Saint of the Month: St. Francis Borgia

St. Francis Borgia was a royal-born husband and father, Jesuit priest, and superior-general. Francis was born in eastern Spain in 1510. He was born into the Spanish branch of the Borgia family, his father being the 3rd Duke of Gandia and his mother being the granddaughter of King Ferdinand V of Aragon. Francis’s paternal great-grandfather was Pope Alexander VI. Francis was educated by his uncle, the Archbishop of Saragossa, Spain. Francis expressed a wish to become a monk, but his family sent him in 1528 to serve at the Court of the King of Spain Charles V, to whom he was related. He served with distinction, and was a valued advisor to the King.


In 1529, he married a Portuguese woman of noble birth, Eleanor de Castro. Together, they had eight children, the last born in 1539. Francis underwent a religious conversion or awakening in 1539, and that same year, he was appointed viceroy of Catalonia. He turned some of his attention toward composing and restoring liturgical music. He became acquainted with [Sts.] Peter Faber and Peter of Alcantara, both of whom played active roles in the Catholic Church’s reform in the wake of the rise of Protestantism. These men helped Francis to grow in virtue and commit to meaningful prayer. When his father died in 1543, he became the 4th Duke of Gandia. He withdrew from public life and went with his family to live in Gandia.
Eleanor died unexpectedly in 1546, leaving Francis with eight children.


His long-held dream of living as a religious rose to the surface, presenting him with having to make some very big changes. He decided to join the Society of Jesus, which had just formed about ten years previous. During the next several years, he made arrangements for the proper care of his younger children. He went to Rome, where he met with the Jesuits, and then returned to Spain. There, he relinquished his titles and vast holdings, bequeathing them to his oldest son, Charles. He was admitted to the Jesuits and was ordained a priest in late 1550. He helped to establish what was known as the Roman College, which later became the Gregorian University, and he also preached in Spain and Portugal, drawing large crowds. Despite his wishes to live a life of solitude, the Jesuits recognized his impressive talents as an administrator, and placed him where he was most needed. He discovered that Pope Julius III intended to appoint him a cardinal. Since the Jesuits had one of their core tenets that they would never hold high Church office, Francis met with [St.] Ignatius, the Jesuit’s founder, about the matter. They made a plan for Francis to secretly leave Rome and return to northern Spain, where he could live in solitude. With time, he recognized that his God-given talents needed to be used to build up the Church, and he accepted appointment as the Jesuit commissary for Spain in 1554. There, he oversaw the establishment of a Jesuit novitiate and twelve colleges. In 1556, he was appointed to supervise the order’s missions to the far east and the West Indies.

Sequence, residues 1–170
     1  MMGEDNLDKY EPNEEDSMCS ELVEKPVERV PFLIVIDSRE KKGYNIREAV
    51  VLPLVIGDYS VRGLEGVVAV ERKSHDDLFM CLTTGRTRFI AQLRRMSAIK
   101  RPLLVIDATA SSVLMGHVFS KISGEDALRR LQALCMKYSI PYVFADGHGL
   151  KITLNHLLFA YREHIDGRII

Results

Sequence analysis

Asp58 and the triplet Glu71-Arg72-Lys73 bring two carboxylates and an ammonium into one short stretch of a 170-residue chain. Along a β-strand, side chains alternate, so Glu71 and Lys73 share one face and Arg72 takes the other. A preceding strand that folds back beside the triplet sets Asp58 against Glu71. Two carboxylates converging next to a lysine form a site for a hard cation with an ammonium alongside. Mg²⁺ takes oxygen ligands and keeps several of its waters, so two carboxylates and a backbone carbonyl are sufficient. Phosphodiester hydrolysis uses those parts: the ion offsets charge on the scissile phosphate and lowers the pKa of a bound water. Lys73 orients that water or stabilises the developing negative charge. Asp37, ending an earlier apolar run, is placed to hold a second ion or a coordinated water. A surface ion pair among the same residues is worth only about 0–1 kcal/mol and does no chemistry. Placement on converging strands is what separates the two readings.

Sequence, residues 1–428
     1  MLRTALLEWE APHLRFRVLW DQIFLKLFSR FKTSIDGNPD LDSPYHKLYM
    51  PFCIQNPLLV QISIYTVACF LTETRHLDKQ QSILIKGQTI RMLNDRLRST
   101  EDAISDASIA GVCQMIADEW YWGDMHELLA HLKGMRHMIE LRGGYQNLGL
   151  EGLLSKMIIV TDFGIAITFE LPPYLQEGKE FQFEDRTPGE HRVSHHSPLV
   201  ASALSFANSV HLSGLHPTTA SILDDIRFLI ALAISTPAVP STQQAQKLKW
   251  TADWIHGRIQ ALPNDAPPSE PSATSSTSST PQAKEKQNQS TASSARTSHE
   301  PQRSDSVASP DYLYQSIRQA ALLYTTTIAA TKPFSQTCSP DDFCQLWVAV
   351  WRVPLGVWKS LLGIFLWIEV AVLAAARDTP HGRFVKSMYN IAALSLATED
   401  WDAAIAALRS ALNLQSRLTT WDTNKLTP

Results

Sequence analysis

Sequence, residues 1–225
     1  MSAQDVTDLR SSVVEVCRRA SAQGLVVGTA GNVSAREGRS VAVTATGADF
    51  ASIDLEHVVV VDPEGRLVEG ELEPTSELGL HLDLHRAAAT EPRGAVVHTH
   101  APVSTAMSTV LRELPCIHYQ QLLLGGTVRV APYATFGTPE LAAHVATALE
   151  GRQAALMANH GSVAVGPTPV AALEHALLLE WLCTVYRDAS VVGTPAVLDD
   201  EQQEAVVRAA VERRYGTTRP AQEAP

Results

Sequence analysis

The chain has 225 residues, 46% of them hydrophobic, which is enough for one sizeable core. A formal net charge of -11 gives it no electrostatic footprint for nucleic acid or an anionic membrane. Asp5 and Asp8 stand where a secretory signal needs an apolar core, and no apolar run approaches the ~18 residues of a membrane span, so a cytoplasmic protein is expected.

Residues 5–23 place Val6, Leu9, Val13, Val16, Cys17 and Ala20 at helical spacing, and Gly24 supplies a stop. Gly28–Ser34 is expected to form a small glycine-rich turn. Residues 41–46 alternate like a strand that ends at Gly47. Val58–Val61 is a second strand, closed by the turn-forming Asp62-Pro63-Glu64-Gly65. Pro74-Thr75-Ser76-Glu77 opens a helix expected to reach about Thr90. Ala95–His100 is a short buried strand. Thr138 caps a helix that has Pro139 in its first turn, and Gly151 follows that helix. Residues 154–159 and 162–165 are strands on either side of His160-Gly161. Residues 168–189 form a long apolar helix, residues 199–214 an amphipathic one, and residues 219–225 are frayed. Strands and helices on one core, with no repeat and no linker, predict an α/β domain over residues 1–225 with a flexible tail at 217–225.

In 1565, [St.] Ignatius’s successor died and Francis was elected as the superior-general of the Society of Jesus. The growth that he oversaw during his tenure in this role was truly extraordinary. He played an instrumental role in countering the rise of Protestantism with reforms to correct abuses, errors, and ignorance. He established discipline in Jesuit formation and wrote guidebooks, fine-tuning the rules. He established the Jesuits in Poland and strengthened them in France and Germany. He expanded the foreign missions, including into Mexico and Florida. In 1571, he was sent by Pope [St.] Pius V on a tour of Spain, during the clashes with the Turks which culminated in the Battle at Lepanto later that year. In Spain and Portugal, Francis again attracted large crowds to hear him preach, but he grew ill and weak during this trip. He died after returning to Rome, September 30, 1572 at age sixty-one.

St. Francis Borgia’s success as an administrator was so impressive, he is often called the second founder of the Jesuit order. He gave the order vitality at a time when the Church in Europe was greatly distressed and the faithful were suffering. Kings and Popes respected his wise counsel. To the missionaries in the far east and in the Americas he wrote numerous personal letters of fatherly guidance. Despite his many talents, he preferred to live a simple life and never lost his desire for prayerful solitude. As a member of the often-notorious Borgia family, he could have led a life of comfort and privilege, but chose to give it all up in order to dedicate himself tirelessly to spreading the Kingdom of Jesus Christ. He was beatified in 1624 and canonized in 1670, and he is the patron of Portugal and of Gandia. His feast day is celebrated on October 10, especially by the Jesuits.